Behind them, birds fluttered in and out of the tall dried grasses, filling the evening air with their calls and cries. Mice, rats and gophers  scampered and rustled home through the underbrush. Tiny finches darted, keeping away from the larger birds, and over all, the three red-tail hawks circled, climbing, then gliding and banking. The tiny old woman leaned heavily on her stick and pivoted to face the raucous field. She kept her left hand on the stick, raising her face and her right palm to the skies. In a voice that seemed far too loud and strong for her frail body, she cried out,

“Draw a peace over this teeming field–

wildlife calling, crawling, rising, taking flight.

Blanket this space in quiet, still life

waiting on breathless wing for summoning.”

Later they would all say that they had probably imagined it, but it seemed at that moment as if the noisy field before them did calm, as if soothed by the funny words of this strange new neighbor.

Kerith felt her face heat as she tried to think of what to say. She felt the weighty expectation of good manners, certain that she was required to say something polite in response to what this odd little woman had just done. At the very least,  she must take charge before one of the younger children broke free of their bewilderment and said what they were thinking. Fortunately for her,  she was rescued  by the little woman, who seemed to see no need for anyone else to speak.

“Well,” she said, with such force that all five of them  fixed their eyes on her wrinkled face. She was not looking at them. She had turned around to face the low mountains that rimmed the far side of their property.  There the sun seemed to rest on the mountain tops, a hesitation that bathed the valley below them in soft, golden light. “The whole world is a great cathedral, far more magnificent than anything man has ever created, don’t you think? It’s a wonder anyone bothers.” She tapped her stick against the asphalt and Joshua expected to see sparks, or smoke, or something fly out from the point of contact. She shrugged, and smiled at them. “Well, thank goodness they did, yes? Create things, I mean. The cathedrals, sculptures, paintings, magnificent compositions. They’re so inspiring, don’t you think?  When I see them, or hear them, or when I’m outside on an exquisite evening like this, I always want to create something great and beautiful to make other people feel the same way.”  She smiled at them again, her large eyes glinting in the fading light.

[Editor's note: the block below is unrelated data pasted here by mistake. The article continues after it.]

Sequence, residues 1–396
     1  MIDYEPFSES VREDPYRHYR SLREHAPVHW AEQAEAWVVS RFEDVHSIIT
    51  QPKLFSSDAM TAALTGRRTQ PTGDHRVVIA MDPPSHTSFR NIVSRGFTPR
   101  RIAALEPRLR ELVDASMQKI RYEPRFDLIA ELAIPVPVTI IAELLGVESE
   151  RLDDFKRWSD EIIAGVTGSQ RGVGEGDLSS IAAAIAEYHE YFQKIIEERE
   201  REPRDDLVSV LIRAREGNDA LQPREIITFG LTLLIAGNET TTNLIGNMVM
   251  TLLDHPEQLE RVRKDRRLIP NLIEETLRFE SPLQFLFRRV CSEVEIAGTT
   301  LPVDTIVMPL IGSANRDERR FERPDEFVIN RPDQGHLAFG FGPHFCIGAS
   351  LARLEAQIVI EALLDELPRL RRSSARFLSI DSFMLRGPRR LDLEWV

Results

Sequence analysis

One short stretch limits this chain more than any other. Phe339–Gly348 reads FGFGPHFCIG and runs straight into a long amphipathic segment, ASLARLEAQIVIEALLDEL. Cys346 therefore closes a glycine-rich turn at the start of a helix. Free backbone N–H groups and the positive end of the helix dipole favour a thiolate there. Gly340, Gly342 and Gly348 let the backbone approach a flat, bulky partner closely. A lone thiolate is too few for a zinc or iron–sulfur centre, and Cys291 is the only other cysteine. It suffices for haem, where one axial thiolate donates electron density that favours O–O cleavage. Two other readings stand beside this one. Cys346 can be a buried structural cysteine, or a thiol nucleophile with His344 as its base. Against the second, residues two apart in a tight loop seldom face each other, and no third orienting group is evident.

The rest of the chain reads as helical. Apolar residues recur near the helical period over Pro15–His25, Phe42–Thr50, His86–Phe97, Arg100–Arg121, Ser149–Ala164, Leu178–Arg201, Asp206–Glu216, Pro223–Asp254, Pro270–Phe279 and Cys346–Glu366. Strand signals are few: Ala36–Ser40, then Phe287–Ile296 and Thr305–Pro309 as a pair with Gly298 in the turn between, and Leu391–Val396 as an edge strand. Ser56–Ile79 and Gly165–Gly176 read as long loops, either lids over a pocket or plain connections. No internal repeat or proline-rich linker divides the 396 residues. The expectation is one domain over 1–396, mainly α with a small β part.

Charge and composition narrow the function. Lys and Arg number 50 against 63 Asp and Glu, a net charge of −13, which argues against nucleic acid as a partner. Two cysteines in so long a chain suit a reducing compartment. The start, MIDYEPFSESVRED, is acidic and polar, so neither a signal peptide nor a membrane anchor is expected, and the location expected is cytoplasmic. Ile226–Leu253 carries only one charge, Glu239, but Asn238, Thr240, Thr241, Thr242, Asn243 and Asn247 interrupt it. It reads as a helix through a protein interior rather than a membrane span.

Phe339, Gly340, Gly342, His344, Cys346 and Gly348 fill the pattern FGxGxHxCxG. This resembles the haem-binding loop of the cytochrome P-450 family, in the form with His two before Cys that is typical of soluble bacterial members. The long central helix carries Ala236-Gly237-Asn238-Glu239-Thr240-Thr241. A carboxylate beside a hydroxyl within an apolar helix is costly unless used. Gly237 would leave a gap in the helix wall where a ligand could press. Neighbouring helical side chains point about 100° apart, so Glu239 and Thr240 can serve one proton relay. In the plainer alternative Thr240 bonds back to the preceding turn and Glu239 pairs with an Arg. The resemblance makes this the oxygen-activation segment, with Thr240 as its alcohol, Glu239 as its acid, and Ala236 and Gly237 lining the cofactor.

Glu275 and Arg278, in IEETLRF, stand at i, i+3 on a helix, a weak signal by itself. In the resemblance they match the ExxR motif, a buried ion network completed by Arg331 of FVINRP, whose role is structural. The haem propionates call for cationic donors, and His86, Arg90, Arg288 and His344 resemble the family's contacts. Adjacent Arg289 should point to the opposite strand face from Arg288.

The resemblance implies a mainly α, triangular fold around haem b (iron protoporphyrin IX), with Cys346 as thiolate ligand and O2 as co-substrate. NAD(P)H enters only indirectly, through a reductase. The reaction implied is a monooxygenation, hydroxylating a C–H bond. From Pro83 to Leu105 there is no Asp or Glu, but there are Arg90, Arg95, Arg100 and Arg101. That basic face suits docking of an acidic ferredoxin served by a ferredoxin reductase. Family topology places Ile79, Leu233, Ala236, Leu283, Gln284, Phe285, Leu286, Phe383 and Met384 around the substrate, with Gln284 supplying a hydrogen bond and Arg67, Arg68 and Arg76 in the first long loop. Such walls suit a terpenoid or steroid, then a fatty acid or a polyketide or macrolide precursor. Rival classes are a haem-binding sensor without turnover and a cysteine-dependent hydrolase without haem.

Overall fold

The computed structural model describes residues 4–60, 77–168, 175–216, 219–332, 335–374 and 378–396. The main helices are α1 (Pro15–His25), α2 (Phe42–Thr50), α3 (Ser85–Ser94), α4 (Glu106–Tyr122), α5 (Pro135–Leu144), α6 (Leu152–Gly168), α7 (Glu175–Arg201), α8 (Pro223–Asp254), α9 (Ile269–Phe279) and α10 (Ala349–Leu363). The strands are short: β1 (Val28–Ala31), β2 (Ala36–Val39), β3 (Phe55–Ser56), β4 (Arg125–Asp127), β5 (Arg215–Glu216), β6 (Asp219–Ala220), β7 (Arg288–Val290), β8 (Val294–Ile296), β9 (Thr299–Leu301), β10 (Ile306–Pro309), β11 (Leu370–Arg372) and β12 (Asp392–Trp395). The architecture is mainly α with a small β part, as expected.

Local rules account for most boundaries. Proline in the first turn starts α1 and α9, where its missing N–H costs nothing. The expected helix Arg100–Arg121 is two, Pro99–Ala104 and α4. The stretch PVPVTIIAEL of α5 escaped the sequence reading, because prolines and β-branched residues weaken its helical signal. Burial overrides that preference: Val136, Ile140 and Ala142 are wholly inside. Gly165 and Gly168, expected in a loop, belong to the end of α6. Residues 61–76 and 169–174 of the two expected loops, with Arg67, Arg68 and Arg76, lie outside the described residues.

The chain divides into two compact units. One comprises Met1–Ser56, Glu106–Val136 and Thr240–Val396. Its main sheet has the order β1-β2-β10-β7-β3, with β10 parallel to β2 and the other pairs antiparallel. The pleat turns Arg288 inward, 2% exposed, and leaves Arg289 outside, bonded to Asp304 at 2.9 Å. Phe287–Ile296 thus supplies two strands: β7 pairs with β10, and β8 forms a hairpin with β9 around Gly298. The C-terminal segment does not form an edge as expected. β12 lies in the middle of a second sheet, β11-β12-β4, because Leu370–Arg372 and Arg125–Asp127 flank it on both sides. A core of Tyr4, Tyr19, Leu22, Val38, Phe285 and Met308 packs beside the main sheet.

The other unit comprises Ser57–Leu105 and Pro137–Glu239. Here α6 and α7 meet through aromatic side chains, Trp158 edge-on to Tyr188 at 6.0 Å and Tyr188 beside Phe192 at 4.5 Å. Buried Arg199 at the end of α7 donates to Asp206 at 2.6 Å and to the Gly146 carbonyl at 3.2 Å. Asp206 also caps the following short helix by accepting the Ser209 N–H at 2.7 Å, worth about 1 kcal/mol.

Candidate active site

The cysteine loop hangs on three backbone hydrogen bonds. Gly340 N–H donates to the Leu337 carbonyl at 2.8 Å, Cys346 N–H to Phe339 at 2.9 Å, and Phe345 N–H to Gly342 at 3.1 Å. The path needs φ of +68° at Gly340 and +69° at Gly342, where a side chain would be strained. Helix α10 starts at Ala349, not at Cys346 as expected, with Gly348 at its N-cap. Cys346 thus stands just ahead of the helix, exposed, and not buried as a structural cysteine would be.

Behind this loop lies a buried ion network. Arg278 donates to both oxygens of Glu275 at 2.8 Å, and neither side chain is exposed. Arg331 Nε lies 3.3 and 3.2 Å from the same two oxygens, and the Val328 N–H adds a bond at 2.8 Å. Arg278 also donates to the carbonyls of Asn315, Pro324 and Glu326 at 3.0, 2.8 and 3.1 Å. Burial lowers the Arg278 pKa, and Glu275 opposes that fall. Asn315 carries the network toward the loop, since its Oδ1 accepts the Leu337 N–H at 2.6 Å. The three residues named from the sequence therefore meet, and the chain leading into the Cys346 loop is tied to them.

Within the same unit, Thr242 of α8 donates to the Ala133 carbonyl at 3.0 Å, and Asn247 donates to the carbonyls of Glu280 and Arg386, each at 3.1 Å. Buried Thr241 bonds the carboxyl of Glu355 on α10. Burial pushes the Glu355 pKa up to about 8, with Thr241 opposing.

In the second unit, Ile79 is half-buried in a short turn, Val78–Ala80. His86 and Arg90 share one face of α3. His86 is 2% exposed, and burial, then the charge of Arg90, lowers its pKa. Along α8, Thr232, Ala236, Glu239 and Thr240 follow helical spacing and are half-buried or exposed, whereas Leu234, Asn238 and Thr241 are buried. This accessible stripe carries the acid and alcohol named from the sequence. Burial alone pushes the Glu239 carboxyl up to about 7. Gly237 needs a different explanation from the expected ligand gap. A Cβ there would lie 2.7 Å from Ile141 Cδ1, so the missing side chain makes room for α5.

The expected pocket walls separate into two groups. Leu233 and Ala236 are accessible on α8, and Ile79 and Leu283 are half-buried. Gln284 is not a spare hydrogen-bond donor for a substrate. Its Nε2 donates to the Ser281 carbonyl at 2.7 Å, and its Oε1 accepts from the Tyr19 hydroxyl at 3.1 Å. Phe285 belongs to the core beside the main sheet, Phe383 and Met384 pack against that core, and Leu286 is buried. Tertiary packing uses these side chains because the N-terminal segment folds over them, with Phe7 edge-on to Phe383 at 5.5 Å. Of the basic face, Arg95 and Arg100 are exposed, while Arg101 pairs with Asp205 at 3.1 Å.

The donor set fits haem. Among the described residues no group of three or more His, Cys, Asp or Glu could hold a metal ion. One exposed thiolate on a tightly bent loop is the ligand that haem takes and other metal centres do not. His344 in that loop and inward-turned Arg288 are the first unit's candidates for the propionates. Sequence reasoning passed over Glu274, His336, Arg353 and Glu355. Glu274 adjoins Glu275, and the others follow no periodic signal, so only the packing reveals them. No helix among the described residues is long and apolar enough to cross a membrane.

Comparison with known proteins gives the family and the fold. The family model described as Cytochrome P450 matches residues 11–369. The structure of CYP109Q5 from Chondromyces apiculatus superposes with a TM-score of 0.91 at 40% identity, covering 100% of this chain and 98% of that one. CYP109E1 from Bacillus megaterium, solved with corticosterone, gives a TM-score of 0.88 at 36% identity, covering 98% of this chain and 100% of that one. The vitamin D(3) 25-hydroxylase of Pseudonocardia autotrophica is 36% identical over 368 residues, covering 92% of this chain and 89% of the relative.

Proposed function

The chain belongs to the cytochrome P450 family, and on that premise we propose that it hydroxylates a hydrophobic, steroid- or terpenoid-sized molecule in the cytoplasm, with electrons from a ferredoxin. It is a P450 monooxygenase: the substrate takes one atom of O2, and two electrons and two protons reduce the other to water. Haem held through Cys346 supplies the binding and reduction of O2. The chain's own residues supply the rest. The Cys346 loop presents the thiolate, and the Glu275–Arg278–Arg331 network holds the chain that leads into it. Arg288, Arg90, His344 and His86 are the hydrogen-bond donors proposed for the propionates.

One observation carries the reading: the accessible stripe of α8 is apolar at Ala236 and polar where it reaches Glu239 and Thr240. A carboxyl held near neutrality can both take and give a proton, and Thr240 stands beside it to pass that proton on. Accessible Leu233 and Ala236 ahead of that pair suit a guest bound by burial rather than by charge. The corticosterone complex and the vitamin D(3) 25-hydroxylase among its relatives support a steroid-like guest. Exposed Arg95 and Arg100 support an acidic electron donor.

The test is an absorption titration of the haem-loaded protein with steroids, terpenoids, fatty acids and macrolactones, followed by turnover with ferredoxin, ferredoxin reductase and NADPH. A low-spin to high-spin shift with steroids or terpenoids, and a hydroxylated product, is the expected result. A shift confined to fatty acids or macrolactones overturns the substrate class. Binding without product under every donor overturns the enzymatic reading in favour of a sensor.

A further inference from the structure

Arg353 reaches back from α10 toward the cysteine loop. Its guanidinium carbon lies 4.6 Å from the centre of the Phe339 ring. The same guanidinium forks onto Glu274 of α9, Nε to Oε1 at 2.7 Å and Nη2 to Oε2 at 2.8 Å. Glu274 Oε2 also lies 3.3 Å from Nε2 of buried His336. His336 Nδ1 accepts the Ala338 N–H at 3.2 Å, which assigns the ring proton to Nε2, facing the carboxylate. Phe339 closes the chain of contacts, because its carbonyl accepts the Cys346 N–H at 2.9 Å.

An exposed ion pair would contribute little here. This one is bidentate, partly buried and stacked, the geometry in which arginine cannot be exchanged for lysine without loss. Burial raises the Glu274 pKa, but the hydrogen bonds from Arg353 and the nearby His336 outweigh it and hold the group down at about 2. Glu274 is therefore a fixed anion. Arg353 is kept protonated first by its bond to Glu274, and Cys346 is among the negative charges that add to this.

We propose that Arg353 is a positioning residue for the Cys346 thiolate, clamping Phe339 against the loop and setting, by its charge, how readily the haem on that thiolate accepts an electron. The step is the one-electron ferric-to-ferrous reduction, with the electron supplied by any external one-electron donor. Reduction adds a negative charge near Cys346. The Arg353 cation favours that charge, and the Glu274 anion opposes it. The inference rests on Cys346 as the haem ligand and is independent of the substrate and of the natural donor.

Kerith wanted to shout, “Yes! Yes, I know exactly what you mean! She wanted to run home, pull out a canvas, a sketchpad, oils, acrylics, a pencil–anything–and create.  Heck, she was tempted to drop to one knee in the dirt and start tracing her finger in the dry brown earth.

As usual though, round-eyed, freckle-faced Zelda was the first to speak, “I have no idea what you’re talking about.”







My Life in France, by Julia Child

It’s a joy to recommend a good book. This one is light, yet inspiring, easy to pick up here and there, in the quiet moments.

 My Life in France is much more than an easy gift for the foodies in your life.  Julia Child’s memoir of her time in France is the story of her love affair with a country and its remarkable culinary tradition.This light and engaging read offers a glimpse of the inspiring passion of a woman who  changed the way Americans thought about cooking.

For this reader, the details of classic French cookery are sometimes nauseating. Don’t get me wrong. I’m a friend to butter, cream, fat, and all those awful things that taste so delicious. But I tend to enjoy simply prepared vegetables and food that hasn’t been overly fussed about. Consider the following passage, a brief description of her three-days labor to create a “mammoth galantine de volaille”:

First you make a superb bouillon–from veal leg, feet, and bones–for poaching. Then you debone a nice plump four-pound chicken, and marinate the meat with finely ground pork and veal stripe in Cognac and truffles. Then you re-form the chicken, stuffing it with a nice row of truffles wrapped in farce and a fresh strip of pork fat, which you hope ends up in the center. You tie up this bundle and poach it in the declicious bouillon. Once it is cooked, you let it cool and then decorate it–I used green swirls of blanched leeks, red dots of pimiento, brown-black accents of sliced truffle, and yellow splashes of butter. The whole was then covered with beautiful clarified-bouillon jelly.